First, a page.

The Vietnam War MASH veteran has a family practice. Belinda Montgomery as Katherine Howser, Doogie Howser's mother. A housewife, she returns to work as a patient advocate at her son's hospital. Lisa Dean Ryan as Wanda Plenn, Delpino's high-school classmate and Howser's girlfriend. After her mother dies in an automobile accident, Plenn's relationship with Howser suffers. After she leaves for the School of the Art Institute of Chicago they end their relationship. Lucy Boryer as Janine Stewart, Delpino's girlfriend and Plenn's best friend, she becomes a buyer for a department store. Lawrence Pressman as Dr. Benjamin Canfield, head of Eastman Medical. Canfield is an old friend and classmate of David Howser, persuades him to join the hospital to run its family practice. Mitchell Anderson as Dr. Jack McGuire, a resident at Eastman and Howser's friendly rival. A visit to rural Mexico inspires him to leave the hospital to serve the poor overseas. Kathryn Layng as Mary Margaret "Curly" Spaulding, a nurse at Eastman.
Spaulding dates McGuire and both Canfield and Howser. Markus Redmond as Raymond Alexander, an orderly at Eastman. While he was a gang member, Alexander meets Howser after taking him hostage during a convenience-store robbery. Rif Hutton as Dr. Ron Welch, a fellow doctor, friends with Howser. Robyn Lively as Michele Faber, a nursing student, she becomes Howser's girlfriend shortly before he decides to go to Europe. Barry Livingston as Dr. Bob Rickett, a fellow doctor working at Eastman. Anchor Bay Entertainment released all four seasons of Doogie Howser, M. D. on DVD in Region 1 between 2005 and 2006. At one point there were plans f
Siddig El Tahir El Fadil El Siddig Abderrahman Mohammed Ahmed Abdel Karim El Mahdi is an English actor. He is known by the stage names Siddig El Fadil through Alexander Siddig since, he is known for playing Dr. Julian Bashir in the television series Star Trek: Deep Space Nine, Philip Burton in Primeval, Carthaginian general Hannibal in Hannibal – Rome's Worst Nightmare, King Minos in Atlantis, for his performances as Prince Nasir Al-Subaai in Syriana, Imad ad-Din al-Isfahani in Kingdom of Heaven, Tareq Khalifa in Cairo Time, as well as the sixth season of 24, he is appearing in Gotham as Ra's al Ghul. Siddig has spent most of his life in England, he was born to an English mother who worked as a Sudanese father. His maternal uncle is English actor Malcolm McDowell, with whom he appeared in 2008 in Neil Marshall's Doomsday, his paternal uncle is the former Sudanese Prime Minister Sadiq al-Mahdi, he is a great-great-great-grandson of Sudanese leader Muhammad Ahmad. He attended St Lawrence College, Kent.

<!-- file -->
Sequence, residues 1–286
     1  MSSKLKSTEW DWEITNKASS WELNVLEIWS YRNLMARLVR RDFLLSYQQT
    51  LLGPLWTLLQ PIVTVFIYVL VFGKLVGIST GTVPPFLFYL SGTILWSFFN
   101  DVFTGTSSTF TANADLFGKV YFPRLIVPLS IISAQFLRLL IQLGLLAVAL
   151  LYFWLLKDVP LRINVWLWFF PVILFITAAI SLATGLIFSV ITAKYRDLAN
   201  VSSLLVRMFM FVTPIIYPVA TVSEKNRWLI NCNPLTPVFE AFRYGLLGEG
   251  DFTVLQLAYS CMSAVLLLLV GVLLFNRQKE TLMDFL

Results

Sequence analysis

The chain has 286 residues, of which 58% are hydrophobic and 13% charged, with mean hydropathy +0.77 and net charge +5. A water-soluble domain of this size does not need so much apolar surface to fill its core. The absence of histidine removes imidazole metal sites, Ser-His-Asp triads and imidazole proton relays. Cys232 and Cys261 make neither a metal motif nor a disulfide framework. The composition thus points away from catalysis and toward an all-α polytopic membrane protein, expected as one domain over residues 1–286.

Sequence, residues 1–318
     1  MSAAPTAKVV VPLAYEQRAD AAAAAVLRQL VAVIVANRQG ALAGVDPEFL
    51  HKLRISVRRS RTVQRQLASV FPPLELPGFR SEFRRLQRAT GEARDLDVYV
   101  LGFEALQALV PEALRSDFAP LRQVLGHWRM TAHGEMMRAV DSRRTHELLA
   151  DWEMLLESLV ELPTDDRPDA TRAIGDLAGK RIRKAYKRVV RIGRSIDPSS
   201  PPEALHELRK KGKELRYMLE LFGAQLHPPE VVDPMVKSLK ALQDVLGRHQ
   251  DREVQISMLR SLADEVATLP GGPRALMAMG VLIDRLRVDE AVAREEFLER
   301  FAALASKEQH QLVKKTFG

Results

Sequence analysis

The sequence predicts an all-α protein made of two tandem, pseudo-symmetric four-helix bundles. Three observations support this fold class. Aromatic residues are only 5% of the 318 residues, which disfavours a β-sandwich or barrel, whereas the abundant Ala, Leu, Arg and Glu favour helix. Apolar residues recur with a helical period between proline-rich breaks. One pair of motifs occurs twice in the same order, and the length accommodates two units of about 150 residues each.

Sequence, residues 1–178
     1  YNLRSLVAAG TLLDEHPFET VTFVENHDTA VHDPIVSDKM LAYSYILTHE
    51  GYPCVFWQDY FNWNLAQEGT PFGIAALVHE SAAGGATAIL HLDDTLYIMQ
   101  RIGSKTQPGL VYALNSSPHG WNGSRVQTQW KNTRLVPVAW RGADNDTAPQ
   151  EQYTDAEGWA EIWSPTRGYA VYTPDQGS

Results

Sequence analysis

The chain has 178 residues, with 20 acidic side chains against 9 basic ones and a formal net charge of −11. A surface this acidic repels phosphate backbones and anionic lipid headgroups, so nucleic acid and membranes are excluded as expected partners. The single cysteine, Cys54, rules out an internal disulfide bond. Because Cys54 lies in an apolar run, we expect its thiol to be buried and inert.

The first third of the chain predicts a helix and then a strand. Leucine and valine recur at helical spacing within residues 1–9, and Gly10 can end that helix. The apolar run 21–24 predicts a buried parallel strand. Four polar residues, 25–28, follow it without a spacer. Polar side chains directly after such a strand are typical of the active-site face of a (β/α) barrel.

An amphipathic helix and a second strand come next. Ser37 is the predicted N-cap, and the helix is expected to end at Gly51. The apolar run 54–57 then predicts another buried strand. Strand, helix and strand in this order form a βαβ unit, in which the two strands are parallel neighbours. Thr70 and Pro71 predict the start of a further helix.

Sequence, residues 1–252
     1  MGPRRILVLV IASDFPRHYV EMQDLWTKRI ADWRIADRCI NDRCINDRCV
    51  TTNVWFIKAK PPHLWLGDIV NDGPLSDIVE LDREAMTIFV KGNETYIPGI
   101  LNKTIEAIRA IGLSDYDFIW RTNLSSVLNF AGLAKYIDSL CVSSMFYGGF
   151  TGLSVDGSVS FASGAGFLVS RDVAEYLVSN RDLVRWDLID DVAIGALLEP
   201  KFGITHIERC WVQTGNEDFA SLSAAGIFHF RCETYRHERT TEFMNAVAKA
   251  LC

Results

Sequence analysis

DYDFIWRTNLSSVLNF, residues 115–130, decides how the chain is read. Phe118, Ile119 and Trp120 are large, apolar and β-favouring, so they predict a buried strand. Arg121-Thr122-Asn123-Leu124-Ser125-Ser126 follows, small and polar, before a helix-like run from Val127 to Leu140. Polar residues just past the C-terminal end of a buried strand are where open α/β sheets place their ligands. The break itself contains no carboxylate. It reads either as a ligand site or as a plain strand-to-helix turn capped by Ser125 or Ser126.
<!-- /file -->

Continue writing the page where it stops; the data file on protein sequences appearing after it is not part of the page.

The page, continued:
Western culture required a surname, so El Fadil was taken from Sid's grandfather and was adopted as his surname when he moved back to England. He was credited under the shortened name Siddig El Fadil until October 1995. Three seasons into his run on Star Trek: Deep Space Nine, he changed his stage name to Alexander Siddig. Siddig attended the London Academy of Music and Dramatic Art to study acting and, after leaving LAMDA, did a season of stage work in Manchester, he worked as a director in a small theatre in London. Siddig first appeared to television audiences as Prince Feisal in A Dangerous Man: Lawrence After Arabia, the 1990 TV sequel to Lawrence of Arabia. Siddig's performance in A Dangerous Man: Lawrence After Arabia brought him to the attention of Rick Berman, creating the new series Star Trek: Deep Space Nine. Although he auditioned for the role of Commander Benjamin Sisko, Berman decided Siddig was too young for the role and cast him as Dr. Julian Bashir instead; the part had to be rewritten for Siddig as the original "bible" had called for a Hispanic male named Julian Amoros to play the part, although Berman reports that no other actors were considered for the role.